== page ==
House Republicans vote unanimously for depression

Fine. Let’s undo all those “compromises” in conference, and pass a Democratic bill with Democratic votes.

Yep. Not a single vote for stimulus from the Republican side of the aisle.

Hey! Whatever floats their boat.


1. Democrats should never let the voters forget this. Republicans chose the opportunity to give an overwhelmingly popular new President the finger over the opportunity to work together to drag the economy out of the hole their policies left it in. In particular, those running in 2010 against the remaining Republicans from Blue districts should wrap this vote around the incumbents’ next; when push came to shove, they put party first, country last.

2. When the House and Senate bills go to conference, some of the concessions made in the name of bipartisanship &#8212 in particular some of the inequitable and uneconomic tax cuts &#8212 should be taken out, and replaced by, e.g., a payroll-tax holiday for employees. And we should be sure to put the birth control funds back into the bill, Republican politicians, their corporate paymasters, and their fundamentalist voters need to be taught the lesson that obstructionism has a price.

McConnell has already announced that he won’t filibuster the stimulus package. So we don’t need any Republican votes in the Senate, either. Having tried it the bipartisan way, let’s make this a Democratic bill and pass it with Democratic votes.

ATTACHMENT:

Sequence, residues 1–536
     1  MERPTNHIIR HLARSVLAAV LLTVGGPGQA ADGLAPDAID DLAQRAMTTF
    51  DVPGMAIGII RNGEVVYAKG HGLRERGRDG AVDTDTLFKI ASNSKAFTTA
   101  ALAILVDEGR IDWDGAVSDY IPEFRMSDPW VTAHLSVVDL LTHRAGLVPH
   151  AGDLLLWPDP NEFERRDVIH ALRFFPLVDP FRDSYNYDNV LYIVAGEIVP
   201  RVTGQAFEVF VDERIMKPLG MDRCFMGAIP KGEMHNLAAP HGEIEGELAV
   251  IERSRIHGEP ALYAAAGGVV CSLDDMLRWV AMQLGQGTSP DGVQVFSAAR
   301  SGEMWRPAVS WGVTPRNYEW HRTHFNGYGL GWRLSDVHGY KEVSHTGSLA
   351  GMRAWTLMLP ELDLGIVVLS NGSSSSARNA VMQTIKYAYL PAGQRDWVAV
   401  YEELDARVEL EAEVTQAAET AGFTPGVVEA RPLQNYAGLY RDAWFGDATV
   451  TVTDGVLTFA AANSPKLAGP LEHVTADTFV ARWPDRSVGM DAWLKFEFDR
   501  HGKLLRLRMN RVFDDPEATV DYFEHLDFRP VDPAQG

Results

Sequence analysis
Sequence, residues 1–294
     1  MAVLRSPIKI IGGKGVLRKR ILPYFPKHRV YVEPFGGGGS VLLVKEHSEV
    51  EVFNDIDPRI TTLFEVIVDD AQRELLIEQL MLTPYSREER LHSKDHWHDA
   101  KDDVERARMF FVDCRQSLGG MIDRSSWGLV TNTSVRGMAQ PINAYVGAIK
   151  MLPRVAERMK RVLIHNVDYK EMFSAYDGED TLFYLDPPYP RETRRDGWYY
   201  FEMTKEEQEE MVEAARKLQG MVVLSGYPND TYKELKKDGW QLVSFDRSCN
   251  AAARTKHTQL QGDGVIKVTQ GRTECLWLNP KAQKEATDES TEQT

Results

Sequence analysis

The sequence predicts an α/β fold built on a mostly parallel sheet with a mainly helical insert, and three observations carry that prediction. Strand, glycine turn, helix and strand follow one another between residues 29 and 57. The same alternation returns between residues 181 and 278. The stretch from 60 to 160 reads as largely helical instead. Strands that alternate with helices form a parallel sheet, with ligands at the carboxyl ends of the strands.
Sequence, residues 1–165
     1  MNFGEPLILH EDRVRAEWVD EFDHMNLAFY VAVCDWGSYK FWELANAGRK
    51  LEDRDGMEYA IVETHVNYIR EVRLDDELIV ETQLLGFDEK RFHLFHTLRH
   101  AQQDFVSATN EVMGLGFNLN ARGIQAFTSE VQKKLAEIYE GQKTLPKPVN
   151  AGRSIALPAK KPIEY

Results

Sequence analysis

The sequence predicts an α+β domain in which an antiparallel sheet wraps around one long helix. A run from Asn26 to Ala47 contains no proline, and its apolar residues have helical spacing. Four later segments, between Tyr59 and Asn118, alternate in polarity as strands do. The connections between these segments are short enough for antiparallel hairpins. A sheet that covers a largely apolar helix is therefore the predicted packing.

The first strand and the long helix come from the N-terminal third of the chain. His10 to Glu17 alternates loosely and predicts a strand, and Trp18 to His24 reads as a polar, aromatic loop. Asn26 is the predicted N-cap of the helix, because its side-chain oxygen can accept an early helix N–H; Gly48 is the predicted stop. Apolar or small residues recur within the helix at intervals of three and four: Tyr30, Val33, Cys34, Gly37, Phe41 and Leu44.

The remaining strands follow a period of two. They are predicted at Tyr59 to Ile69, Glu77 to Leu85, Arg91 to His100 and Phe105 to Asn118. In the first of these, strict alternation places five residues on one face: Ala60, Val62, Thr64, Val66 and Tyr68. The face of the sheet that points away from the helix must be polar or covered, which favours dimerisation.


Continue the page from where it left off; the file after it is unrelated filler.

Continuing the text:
Author: Mark Kleiman

Professor of Public Policy at the NYU Marron Institute for Urban Management and editor of the Journal of Drug Policy Analysis. Teaches about the methods of policy analysis about drug abuse control and crime control policy, working out the implications of two principles: that swift and certain sanctions don't have to be severe to be effective, and that well-designed threats usually don't have to be carried out. Books: Drugs and Drug Policy: What Everyone Needs to Know (with Jonathan Caulkins and Angela Hawken) When Brute Force Fails: How to Have Less Crime and Less Punishment (Princeton, 2009; named one of the "books of the year" by The Economist Against Excess: Drug Policy for Results (Basic, 1993) Marijuana: Costs of Abuse, Costs of Control (Greenwood, 1989) UCLA Homepage Curriculum Vitae Contact: